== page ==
The Indigenous History of Big Bend National Park

Last updated on March 19th, 2022 at 05:03 pm. Originally published on September 8th, 2021

With less than half a million visitors each year, Big Bend National Park is one of the least-visited in the national register — but those who do make the trek are richly rewarded. Offering the promise of “splendid isolation,” this southwestern Texas gem boasts more than 800,000 acres of stunning desert mountain landscape and some of the very darkest skies you’ll ever encounter.

But contemporary visitors should be aware that the land they’re visiting has been inhabited by human beings since long before white colonizers ever set foot in the place. What is today called Big Bend National Park rests on lands first stewarded by Chizo, Apache, Comanche, and other Native Americans, and has served as a place of refuge since prehistoric times.

The Indigenous History of Big Bend National Park

Santa Elena Canyon under the Milky Way - Big Bend National Park

Let’s start at the very beginning, when even the earth itself was different.

Around 10,000 years ago, a global ice age was just ending, and the landscape of southern Texas looked nothing like it does today. Where modern visitors see endless desert sands, the paleolithic nomads who hunted and camped on this lands were ensconced by dense, dark woods, using the large game animals that roamed here for food, clothing, and shelter. This era of Big Bend’s history, which was approximately from 8000-6500 BCE, is known as the Late Paleo-Indian Period.

But the world was warming, and the bison slowly declined, leading the Indigenous peoples who still roamed here to focus instead on smaller game like rabbits while also gathering local edible flora. This evolved hunter-gatherer strategy was a good one, and lasted for more than 7,000 years with few changes. Because these civilizations weren’t quite as nomadic, hunting locally rather than following herds of bison across the land, more robust social structures began to develop and denser population centers emerged. This period, known as the Archaic Period, lasted from about 6500 BCE – 1000 CE.

Around the year 700 CE, Spanish missionaries began to immigrate into the land, and noticed the people who had dwelled in these mountains for centuries: the Chizo Indians, after whom the Chisos Mountains are named. Over the next thousand years, the Chizos were both absorbed and displaced by the Mescalero Apaches — who themselves were later displaced by yet another group of Native Americans, the Comanche. In fact, much of what was once known as the Great Comanche Trail is today a path many visitors to the area follow: U.S. 385. Of course, as the 20th century progressed, so too did colonization, and by 1875 CE, the Comanche, too, were forced from this land that had been under the stewardship of Native Americans for millenia.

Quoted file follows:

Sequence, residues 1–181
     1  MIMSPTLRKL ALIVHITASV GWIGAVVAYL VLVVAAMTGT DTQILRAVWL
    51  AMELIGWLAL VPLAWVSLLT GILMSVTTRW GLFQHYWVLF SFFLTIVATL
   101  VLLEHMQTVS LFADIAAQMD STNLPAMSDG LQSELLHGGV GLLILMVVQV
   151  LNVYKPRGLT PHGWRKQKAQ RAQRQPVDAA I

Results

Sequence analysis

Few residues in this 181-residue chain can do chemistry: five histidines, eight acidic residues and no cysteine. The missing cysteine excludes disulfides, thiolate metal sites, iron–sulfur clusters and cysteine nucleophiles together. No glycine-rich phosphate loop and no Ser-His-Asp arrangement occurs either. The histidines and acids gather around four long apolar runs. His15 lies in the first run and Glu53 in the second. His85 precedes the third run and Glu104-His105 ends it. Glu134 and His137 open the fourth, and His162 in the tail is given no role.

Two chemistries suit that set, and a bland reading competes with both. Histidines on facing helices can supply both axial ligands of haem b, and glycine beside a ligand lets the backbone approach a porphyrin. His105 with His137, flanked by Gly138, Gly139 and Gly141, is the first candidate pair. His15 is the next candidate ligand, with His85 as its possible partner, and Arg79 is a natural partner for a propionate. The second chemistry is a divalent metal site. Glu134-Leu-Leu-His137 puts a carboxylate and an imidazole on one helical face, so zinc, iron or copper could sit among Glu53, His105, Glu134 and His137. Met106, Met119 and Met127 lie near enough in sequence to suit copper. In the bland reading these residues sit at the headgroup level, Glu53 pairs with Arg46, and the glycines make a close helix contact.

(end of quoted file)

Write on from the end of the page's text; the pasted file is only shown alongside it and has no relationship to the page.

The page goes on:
Paying Respect to the Land

While walking across the dramatic landscape of Big Bend National Park today, you’re participating in a history that stretches back for thousands and thousands of years. Knowing some of that context and working toward a respectful observation of pre-existing cultures is important to both the experience itself and the ongoing health of the land.

Reading histories like this one is a great start; the NPS website also has a lot of great information about the First Inhabitants of the Big Bend National Park area. You can also look up whose land you’re standing on, both in our national parks and elsewhere in the world, at Native Land.

Finally, we encourage campers to always respect the tenets of Leave No Trace. Full write-ups of the principles can be found at the organization’s website, but the movement’s title says it all: when you visit a protected landscape like Big Bend National Park, leave it exactly as you found it, packing out everything you’ve packed in and leaving nothing but (light) footprints.

Future generations will thank you when they, too, can visit and fully experience this ancient, storied land.

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